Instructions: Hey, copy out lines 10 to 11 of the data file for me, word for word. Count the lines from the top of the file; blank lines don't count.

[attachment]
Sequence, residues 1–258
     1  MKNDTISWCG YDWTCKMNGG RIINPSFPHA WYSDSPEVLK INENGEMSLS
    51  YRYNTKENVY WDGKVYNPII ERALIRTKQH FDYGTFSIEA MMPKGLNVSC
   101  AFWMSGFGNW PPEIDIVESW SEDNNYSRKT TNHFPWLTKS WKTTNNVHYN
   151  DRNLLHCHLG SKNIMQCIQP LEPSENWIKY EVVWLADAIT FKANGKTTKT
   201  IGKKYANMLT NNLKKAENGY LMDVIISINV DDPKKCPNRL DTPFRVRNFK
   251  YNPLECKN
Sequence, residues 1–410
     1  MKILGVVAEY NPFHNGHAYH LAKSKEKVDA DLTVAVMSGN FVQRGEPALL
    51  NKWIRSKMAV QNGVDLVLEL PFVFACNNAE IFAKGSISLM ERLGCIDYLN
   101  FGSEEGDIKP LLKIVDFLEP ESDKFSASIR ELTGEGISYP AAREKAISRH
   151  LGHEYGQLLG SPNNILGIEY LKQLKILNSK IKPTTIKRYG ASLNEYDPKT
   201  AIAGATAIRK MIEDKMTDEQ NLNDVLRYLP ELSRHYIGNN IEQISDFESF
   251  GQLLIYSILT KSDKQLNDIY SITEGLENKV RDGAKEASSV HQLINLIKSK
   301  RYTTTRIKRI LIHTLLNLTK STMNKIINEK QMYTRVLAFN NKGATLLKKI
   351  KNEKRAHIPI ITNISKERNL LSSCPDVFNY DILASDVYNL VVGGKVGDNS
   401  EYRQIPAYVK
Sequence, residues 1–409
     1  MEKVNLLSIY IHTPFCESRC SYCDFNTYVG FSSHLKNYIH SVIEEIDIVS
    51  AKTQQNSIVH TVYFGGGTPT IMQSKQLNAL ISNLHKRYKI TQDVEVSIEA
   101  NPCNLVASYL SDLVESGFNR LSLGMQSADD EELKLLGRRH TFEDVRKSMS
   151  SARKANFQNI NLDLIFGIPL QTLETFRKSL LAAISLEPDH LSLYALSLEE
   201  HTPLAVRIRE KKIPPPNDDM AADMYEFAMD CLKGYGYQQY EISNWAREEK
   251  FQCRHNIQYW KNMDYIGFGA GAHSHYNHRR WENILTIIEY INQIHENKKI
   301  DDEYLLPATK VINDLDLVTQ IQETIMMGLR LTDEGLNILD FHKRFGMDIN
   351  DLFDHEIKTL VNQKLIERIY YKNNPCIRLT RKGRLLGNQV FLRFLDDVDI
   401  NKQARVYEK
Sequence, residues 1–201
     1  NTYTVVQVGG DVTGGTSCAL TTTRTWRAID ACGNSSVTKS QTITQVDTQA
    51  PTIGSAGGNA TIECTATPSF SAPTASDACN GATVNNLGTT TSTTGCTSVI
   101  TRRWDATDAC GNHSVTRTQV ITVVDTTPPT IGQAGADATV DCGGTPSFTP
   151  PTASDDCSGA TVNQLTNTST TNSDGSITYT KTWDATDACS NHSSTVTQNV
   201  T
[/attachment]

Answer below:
    51  NKWIRSKMAV QNGVDLVLEL PFVFACNNAE IFAKGSISLM ERLGCIDYLN
   101  FGSEEGDIKP LLKIVDFLEP ESDKFSASIR ELTGEGISYP AAREKAISRH